Conflicting views of how to use HS2 well.
There will always be conflicting views of what’s best, here I discuss what seems to be the dominant threads.
Birmingham has foregone the opportunity of creating good connections at New St. station. New St. is a very important interchange station, so this is a disappointing decision. This needn’t be the case, all trains through New St. must pass the new Curzon St. station, and it would be workable to create a new set of platforms on that track parallel to the platforms of Curzon St. thus providing good connection. It would be unorthodox to stop trains twice within so short at distance, but it would be workable. But Birmingham has chosen not to do so.
Birmingham’s hopes seem to rest on the vast new “Eastside” shopping development. Can a city become great on shopping? It is still a dead-end branch from London.
Stoke desperately wants a station on HS2. At least it has a clear idea of what it wants.
Manchester has a confused stance. It still hankers after the idea of HS2 leading southwards out of Piccadilly station before bending round to go north to Scotland, even though HS2 declared in February 2015 that it was abandoning that idea because it no longer made sense. It likes the idea of the station being at Piccadilly rather than Victoria station because there is an available site at Piccadilly. It wants there to be a route across the Pennines, but not a high speed route, and is undecided whether it should be to Leeds or Sheffield.
Leeds has persuaded HS2 to move their station a few hundred metres northwards so that it now connects with Leeds City. But it still lies north-south and the route to the north-east and Scotland comes southward out of that station before it bends round to go north.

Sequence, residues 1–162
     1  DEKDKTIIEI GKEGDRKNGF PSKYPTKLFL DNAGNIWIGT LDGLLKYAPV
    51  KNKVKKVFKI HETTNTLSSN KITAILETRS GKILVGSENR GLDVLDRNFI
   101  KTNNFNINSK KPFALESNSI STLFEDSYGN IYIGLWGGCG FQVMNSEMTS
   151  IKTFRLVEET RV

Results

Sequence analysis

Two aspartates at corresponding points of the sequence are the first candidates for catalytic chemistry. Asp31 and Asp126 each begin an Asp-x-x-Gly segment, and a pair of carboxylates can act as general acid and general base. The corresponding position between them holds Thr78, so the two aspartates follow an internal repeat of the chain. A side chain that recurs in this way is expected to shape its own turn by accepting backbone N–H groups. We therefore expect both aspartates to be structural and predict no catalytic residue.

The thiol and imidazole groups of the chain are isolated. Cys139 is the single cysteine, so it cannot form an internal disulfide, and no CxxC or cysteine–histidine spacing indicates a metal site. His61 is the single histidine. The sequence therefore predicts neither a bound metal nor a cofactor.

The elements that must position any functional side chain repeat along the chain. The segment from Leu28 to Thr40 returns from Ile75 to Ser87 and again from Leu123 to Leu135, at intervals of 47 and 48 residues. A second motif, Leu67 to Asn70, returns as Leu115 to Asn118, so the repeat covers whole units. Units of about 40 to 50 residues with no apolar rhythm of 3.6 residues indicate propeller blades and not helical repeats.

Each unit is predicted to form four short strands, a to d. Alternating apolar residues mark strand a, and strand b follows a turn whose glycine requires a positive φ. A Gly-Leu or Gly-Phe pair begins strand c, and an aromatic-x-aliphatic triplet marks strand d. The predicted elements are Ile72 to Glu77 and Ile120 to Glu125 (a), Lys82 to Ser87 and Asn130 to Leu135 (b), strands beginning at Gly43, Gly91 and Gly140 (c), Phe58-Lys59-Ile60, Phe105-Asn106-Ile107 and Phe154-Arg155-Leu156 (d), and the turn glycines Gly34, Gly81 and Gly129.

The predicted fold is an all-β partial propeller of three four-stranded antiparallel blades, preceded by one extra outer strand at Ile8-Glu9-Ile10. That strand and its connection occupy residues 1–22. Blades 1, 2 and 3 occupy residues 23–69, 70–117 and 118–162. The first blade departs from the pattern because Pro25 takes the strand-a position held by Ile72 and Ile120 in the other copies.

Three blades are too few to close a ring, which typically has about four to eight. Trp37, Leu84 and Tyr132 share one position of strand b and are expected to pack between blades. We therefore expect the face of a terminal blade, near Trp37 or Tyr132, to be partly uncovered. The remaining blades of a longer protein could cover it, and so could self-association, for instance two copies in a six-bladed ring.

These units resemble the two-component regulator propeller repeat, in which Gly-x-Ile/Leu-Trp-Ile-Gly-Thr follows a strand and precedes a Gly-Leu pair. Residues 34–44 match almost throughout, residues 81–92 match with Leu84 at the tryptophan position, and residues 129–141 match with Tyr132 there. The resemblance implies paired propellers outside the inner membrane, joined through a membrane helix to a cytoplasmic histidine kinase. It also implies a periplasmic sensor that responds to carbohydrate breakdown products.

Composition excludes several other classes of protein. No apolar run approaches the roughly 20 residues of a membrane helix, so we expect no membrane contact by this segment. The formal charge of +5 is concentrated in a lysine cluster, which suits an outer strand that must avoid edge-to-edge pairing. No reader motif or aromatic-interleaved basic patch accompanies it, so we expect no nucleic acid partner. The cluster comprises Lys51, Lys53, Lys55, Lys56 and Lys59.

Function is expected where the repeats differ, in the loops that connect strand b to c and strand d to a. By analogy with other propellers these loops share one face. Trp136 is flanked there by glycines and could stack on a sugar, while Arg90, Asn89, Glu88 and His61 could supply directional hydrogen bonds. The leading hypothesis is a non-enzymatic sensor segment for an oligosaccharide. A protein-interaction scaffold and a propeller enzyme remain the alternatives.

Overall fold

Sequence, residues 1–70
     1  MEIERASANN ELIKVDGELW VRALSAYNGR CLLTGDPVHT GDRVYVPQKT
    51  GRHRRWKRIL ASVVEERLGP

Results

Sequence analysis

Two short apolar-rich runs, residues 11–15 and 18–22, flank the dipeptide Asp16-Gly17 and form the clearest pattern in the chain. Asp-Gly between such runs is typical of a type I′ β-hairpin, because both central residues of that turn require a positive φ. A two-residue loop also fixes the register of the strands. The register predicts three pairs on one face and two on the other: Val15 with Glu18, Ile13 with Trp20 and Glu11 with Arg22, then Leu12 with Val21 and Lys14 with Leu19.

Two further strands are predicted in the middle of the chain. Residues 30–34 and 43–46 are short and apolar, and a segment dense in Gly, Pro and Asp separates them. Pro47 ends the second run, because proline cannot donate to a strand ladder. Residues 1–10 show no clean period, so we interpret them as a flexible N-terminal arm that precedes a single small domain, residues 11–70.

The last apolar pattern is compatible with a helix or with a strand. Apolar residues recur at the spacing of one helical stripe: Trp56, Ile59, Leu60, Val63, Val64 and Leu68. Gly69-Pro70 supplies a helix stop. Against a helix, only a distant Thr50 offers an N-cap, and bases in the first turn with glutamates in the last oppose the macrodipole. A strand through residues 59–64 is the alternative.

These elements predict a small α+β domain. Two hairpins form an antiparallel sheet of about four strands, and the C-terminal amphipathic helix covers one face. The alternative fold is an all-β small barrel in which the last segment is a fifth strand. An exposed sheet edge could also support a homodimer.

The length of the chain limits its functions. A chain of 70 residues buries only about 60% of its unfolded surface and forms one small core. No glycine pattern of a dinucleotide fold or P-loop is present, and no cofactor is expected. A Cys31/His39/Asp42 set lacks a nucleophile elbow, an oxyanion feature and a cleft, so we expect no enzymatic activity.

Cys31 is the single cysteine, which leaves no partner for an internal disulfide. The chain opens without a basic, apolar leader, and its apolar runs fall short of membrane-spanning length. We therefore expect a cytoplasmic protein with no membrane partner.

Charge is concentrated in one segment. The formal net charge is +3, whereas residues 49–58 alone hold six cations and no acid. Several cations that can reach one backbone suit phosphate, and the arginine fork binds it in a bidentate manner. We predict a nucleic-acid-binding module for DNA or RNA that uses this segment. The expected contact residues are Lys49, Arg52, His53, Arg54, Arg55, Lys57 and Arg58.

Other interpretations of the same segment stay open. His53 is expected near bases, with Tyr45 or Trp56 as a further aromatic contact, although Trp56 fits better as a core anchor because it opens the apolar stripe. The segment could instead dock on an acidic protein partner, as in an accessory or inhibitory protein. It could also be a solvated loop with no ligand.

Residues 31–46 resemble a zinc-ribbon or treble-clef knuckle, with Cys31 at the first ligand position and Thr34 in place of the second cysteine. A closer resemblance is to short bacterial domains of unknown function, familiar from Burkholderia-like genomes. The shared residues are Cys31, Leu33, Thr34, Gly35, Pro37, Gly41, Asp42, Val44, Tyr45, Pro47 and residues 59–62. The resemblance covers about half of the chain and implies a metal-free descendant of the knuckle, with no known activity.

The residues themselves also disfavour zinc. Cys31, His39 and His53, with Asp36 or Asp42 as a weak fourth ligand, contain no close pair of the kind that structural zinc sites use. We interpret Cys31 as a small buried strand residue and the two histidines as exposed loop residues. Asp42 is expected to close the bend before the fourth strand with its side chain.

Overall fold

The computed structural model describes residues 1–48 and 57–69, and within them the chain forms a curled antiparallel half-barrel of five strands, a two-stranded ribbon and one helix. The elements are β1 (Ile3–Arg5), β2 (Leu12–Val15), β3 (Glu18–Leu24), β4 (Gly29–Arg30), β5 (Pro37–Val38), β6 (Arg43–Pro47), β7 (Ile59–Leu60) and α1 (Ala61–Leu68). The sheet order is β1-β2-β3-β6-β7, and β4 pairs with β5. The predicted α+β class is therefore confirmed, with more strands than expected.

Sheffield is campaigning hard for the HS2 station to be moved from Meadowhall (4 miles out of town) to the city centre.
Nottingham cares much less about the HS2 station being in the town centre, Nottingham is mostly willing to let the HS2 station be 4 miles away at Toton, believing that the benefits of HS2 will spread out naturally, and include Nottingham. Fast connection to Toton is not a high priority! I am told that tunnelling under Nottingham is easy. The station is to be at Toton, shared with Derby. It seems a fair deal, but it’s not a zero sum game. If the station is at one of the two towns, it will gain more than the other would lose because a station stop would give a town a lot, but it makes little difference to the other whether the tram ride from Toton is 10 minutes or 20 minutes away, it is still “away”. To have both Sheffield and Nottingham/Derby connected to HS2 via a tram shuttle would leave the classic rail route still the fastest route between them. Do we want this?
George Osborne wants HS2 to be good for the economy – it’s his job. But he wants to deny the truth that we all, including politicians, acknowledge, that wealth = power. In that sense we are all Marxist now. He wants “The North” to be the cow, not the farmer.
In mid 2014 George Osborne imagined “the Northern Powerhouse” consisting of Liverpool, Manchester, Leeds, Sheffield, Middlesbrough, Newcastle. I write as a Tynesider, but from any point of view that seems an unnatural grouping. Quite outside his job description as Chancellor of the Exchequer he is setting up the various local authorities along the way with different kinds of powers – a sure way of making sure they don’t cooperate well.
He must have expected the Midlands to complain that they were being shut out of something valuable, and indeed they did, so in December 2015 he imagined the “Midlands Engine” stretching from the North Sea to the Welsh border, but obviously centred on Birmingham. And once again local authorities with powers that don’t match.
The elephant in the room which Osborne is trying not to see is surely the ring of towns around the Pennines, a ring which is there because the coal outcropped there, and a lasting fact. The main meat of the British population lives there. Pulled together, it outranks London. And that is what Osborne wants not to happen.
After all that conflicting and negative thinking, we need new thinking. Look at this photo of Britain and Ireland by night from space.
Look at that ring around the Southern Pennines It seems to be a natural unit.
I call it Ringby.
I call it Ringby.